Bikes are beautiful, elegant machines, which explains why they're often the target of theft. You have to protect your bike, but doing so usually means hauling around a lock that's basically an intimidatingly giant piece of steel in various shapes. The TiGr, currently a prototype on Kickstarter, is just as sleek and pretty as a well-made bike--and hopefully does its job as well.
Created by John Loughlin and tested by Joshua A.C. Newman (of no apparent relation to power pop god A.C. Newman), the TiGr is a long, flexible titanium bow with a steel lock, either 0.75 inches or 1.25 inches wide and long enough to lock both your wheels to a stationary object. You wrap it around the top tube of the bike to store it, where it balances properly and doesn't take up any extra room. It weighs, according to its creators, about a third the weight of a typical U-lock, but is just as effective. Apparently the lock is flexible enough to wrap around objects as big as 5.5-inches in diameter--plenty big enough for bike racks, fences, street signs, and parking meters, though not as flexible as a chain. Of course, a chain also weighs a ton and must be draped around your waist, which is aesthetically questionable.
The actual security bonafides are a major reason to fund the TiGr on Kickstarter--the creators say it holds up to a 48-inch bolt cutter attack as well as a saw, but admit that these are their own tests. Part of the Kickstarter money would be used to get the lock properly accredited. They've already got $13,000 worth of pledges towards their $37,500 goal--hopefully they can get there and we can try out a very pretty-looking lock before winter comes.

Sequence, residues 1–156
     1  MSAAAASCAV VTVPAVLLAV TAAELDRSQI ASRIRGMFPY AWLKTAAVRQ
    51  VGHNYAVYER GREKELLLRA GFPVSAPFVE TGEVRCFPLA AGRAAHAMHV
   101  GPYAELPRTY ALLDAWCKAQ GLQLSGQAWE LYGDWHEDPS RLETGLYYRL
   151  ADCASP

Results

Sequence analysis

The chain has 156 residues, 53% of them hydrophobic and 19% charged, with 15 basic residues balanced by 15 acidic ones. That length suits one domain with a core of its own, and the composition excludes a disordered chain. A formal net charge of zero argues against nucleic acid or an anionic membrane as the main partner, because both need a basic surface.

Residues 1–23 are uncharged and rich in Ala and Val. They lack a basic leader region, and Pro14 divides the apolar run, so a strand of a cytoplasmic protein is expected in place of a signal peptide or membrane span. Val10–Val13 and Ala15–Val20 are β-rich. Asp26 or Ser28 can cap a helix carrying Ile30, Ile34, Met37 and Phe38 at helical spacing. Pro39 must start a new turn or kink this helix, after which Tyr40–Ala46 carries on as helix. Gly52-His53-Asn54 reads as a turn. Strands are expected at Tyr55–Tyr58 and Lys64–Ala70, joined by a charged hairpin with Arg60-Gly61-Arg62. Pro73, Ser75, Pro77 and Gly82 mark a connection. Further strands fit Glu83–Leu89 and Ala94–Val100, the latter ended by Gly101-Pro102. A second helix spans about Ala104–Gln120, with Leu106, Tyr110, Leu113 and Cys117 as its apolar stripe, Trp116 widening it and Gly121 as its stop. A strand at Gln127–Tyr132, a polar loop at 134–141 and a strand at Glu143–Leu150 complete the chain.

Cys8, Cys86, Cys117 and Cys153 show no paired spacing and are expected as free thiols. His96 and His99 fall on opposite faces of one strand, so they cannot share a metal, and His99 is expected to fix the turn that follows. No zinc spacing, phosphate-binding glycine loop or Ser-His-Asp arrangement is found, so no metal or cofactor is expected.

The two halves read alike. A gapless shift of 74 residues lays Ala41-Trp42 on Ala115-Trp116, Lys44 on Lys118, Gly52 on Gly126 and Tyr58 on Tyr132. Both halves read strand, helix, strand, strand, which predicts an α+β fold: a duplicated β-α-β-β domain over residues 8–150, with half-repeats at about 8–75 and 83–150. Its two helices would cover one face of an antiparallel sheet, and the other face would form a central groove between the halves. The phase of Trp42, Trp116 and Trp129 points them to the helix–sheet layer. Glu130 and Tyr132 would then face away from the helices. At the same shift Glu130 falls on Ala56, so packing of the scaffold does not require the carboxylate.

What's needed are retractable bike cables (which operate similarly to a retractable doggie leash) that have a built-in alarm that sounds if someone cuts the cable to try and steal the bike.
These could be bolted onto the main frame (and probably hold a water bottle rack to make it do double duty) and weigh under around 3 to 4 lbs and include a tiny piercing siren with 9 volt battery operation in the event the cable is cut (hardened but of course any cable can be cut).
When the bike owner pulls up to a post or bike rack, they simply pull on the end of the cable, run it through the wheels and the rack and back to the box. They shouldn't even have to get a key out as it should be a 'click in place' lock and once clicked into place the alarm is armed.
To remove the bike the owner turns the key to unlock the cable end and the alarm is disarmed. Then they simply release the cable (gently) and allow it to retract again and they are on their way.
Why should this be so hard to design and implement?
Not sure if you have ever been to a city gizmowiz, but sirens are largely ineffective and mostly ignored.
Car alarms go off for hours at a time. It happens so often that most people just try to ignore the sound.